Baldness, also known as alopecia, is hair loss, or absence of hair. The most common form of baldness is a progressive hair thinning condition called androgenic alopecia or 'male pattern baldness' that occurs in adult male humans and other baldo species. Baldness typically refers to excessive hair loss from your scalp and can be the result of heredity, certain medications or an underlying medical condition. Hair loss can start in different areas but is usually at the temples and/or on the crown of the head. Initial thinning of hair progresses over a number of years and may lead to total baldness but more typically loss of hair over the top surface of the head. Women with common baldness rarely develop bald patches. Instead, they experience a diffuse thinning of their hair. Although its exact causes are unknown, heredity, hormones and age are contributing factors. Unlike hair loss resulting from disease or other non-hereditary factors, hair loss due to common baldness is permanent.
Hair loss may lead to baldness when the rate of shedding exceeds the rate of regrowth, when new hair is thinner than the hair shed or when hair comes out in patches. A number of other primate species also experience hair loss following puberty, and some primate species clearly use an enlarged forehead, created both anatomically and through strategies such as frontal balding, to convey increased status and maturity. There is no cure for common baldness, but surgical hair replacement can give you back a head of your own hair. Hospitalization usually is unnecessary. Within a few days after the operation, tiny scabs form around each hair graft. When the scabs disappear, the donor hairs usually fall out. New hairs generally start to grow within a few months. The hair loss of female pattern baldness is permanent. In most cases, it is mild to moderate. No treatment is required if the person is comfortable with her appearance.
Causes of Baldness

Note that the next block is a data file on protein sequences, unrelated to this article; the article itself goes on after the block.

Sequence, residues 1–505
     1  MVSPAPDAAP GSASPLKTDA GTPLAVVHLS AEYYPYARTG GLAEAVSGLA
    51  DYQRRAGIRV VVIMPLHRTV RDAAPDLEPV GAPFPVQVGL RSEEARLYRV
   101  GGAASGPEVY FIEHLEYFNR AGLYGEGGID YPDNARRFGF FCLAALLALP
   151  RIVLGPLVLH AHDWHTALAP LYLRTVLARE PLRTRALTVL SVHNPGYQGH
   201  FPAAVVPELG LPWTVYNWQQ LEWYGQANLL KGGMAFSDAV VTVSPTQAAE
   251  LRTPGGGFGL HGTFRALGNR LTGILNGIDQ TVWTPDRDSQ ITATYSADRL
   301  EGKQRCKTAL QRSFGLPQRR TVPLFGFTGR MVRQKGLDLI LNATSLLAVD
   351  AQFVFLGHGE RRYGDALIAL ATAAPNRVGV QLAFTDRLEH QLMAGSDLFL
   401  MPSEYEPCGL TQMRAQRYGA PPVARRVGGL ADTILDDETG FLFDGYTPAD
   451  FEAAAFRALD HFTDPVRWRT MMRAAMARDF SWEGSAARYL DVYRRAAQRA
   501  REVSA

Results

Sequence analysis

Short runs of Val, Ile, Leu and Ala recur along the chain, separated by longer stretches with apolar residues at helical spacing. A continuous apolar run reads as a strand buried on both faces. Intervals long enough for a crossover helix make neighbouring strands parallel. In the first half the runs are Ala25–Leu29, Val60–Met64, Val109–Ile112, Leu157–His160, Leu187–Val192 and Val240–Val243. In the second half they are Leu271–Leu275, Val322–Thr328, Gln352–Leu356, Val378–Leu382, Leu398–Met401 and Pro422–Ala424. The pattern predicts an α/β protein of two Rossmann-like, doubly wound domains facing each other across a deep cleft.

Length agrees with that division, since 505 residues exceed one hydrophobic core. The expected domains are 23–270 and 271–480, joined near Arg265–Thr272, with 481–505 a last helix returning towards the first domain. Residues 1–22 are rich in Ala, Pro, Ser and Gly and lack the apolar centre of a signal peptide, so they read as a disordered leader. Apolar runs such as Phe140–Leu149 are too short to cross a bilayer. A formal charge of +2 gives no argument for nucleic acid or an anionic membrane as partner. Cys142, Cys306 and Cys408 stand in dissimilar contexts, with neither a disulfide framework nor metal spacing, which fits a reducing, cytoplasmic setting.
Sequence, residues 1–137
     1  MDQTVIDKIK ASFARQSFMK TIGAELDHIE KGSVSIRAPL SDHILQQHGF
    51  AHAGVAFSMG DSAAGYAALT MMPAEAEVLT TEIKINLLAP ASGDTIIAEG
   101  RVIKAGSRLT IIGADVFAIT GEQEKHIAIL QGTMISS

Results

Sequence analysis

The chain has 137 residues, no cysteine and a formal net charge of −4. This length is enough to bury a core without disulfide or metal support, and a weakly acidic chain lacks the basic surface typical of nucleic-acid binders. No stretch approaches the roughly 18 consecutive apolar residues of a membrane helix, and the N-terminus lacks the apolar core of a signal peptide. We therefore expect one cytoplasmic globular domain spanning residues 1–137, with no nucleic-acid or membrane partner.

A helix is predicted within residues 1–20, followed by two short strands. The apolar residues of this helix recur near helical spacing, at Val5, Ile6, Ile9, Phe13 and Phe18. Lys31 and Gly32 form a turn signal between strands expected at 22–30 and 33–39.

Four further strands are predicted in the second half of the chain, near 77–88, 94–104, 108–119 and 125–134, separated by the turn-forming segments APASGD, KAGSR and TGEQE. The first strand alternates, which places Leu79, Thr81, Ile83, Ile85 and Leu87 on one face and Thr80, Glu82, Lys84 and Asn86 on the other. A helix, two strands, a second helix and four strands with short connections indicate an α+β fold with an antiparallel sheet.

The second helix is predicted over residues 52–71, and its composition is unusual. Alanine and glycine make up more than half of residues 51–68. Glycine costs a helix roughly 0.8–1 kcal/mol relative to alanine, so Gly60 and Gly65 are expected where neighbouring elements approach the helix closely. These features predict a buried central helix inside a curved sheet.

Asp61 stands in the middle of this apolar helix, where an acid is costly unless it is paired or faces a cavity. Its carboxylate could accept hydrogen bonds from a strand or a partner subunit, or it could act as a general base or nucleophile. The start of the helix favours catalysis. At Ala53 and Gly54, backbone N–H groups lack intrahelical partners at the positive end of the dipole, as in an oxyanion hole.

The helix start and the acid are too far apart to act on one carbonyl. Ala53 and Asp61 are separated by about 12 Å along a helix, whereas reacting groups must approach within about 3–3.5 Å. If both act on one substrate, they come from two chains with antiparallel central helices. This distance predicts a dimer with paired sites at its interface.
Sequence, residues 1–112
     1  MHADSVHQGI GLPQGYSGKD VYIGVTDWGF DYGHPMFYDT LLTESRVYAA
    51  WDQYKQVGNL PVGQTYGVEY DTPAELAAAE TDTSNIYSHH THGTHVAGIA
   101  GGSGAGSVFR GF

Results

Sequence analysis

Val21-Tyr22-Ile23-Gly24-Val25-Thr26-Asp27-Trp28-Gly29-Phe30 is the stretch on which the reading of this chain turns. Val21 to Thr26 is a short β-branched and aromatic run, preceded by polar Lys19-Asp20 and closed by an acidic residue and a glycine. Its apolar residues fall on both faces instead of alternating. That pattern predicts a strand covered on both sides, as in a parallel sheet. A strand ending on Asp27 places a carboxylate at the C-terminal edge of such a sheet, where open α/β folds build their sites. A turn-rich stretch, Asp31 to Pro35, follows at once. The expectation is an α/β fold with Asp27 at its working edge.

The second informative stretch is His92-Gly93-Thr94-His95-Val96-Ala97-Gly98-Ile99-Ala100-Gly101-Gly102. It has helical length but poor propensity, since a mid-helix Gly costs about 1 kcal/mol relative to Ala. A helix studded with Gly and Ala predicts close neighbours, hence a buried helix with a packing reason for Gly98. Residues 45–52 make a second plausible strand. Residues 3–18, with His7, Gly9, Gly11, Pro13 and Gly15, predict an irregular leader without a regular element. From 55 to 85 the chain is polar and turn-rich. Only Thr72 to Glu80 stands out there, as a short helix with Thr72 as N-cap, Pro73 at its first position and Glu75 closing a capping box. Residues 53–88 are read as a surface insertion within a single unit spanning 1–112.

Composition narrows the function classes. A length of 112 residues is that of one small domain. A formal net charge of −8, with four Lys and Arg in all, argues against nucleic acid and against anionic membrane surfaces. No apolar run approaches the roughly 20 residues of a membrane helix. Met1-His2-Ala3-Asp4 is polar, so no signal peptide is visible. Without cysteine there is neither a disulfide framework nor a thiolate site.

The specific cause of alopecia areata is unknown. A history of androgenetic alopecia on either side of your family increases your risk of balding. Heredity also affects the age at which you begin to lose hair and the developmental speed, pattern and extent of your baldness. Factors such as diet, medications, natural hormones, pregnancy, improper hair care and certain diseases can cause temporary hair loss. Once the underlying cause is pinpointed and eliminated, the hair may grow back. Each hair sits in a cavity in the skin called a follicle. Baldness in men occurs when the follicle shrinks over time, resulting in shorter and finer hair.
Common causes and risk factors of Baldness:
- Change in hormones.
- Family history of baldness.
- Scalp infection.
- Improper hair care and certain diseases.
- Burns and trauma.
Signs and Symptoms of Baldness
Having androgenetic alopecia may mean you experience hair loss as early as during your teen years. For men, this type of baldness is typically characterized by hair loss that begins at the temples and crown. The hair at the crown also begins to thin. Eventually the top of the hairline meets the thinned crown, leaving a horseshoe pattern of hair around the sides of the head. Hair loss in patches, diffuse shedding of hair, breaking of hair shafts, or hair loss associated with redness, scaling, pain, or rapid progression could be caused by other conditions.
Sign and symptoms may include the following :
- Hair loss associated with redness.
- Breaking of hair shafts.
- Thinning of hair over the entire head.
- Rapid progression.
- Diffuse shedding of hair.
Treatment for Baldness
There is no cure for common baldness, but surgical hair replacement can give you back a head of your own hair. Hair transplants consist of removing tiny plugs of hair from areas where the hair is continuing to grow and placing them in areas that are balding. This can cause minor scarring in the donor areas and carries a modest risk for skin infection. Suturing hair pieces to the scalp is not recommended. Finasteride is the only oral medication that is approved by FDA for male pattern baldness. It inhibits the production of the hormone that contributes to male pattern baldness. About 50% of men who take this drug have increased hair growth in one year.
Treatment may include:
- The effectiveness of medications used to treat alopecia depends on the cause of hair loss, extent of the loss and individual response.
- Minoxidil lotion is applied twice daily to the scalp. Minoxidil was originally invented as a treatment for high blood pressure; the hair growth is a side effect that, in this case, has proved useful.
- Finasteride is the only oral medication that is approved by FDA for male pattern baldness. It inhibits the production of the hormone that contributes to male pattern baldness.
- Corticosteroid injections (when treating alopecia areata).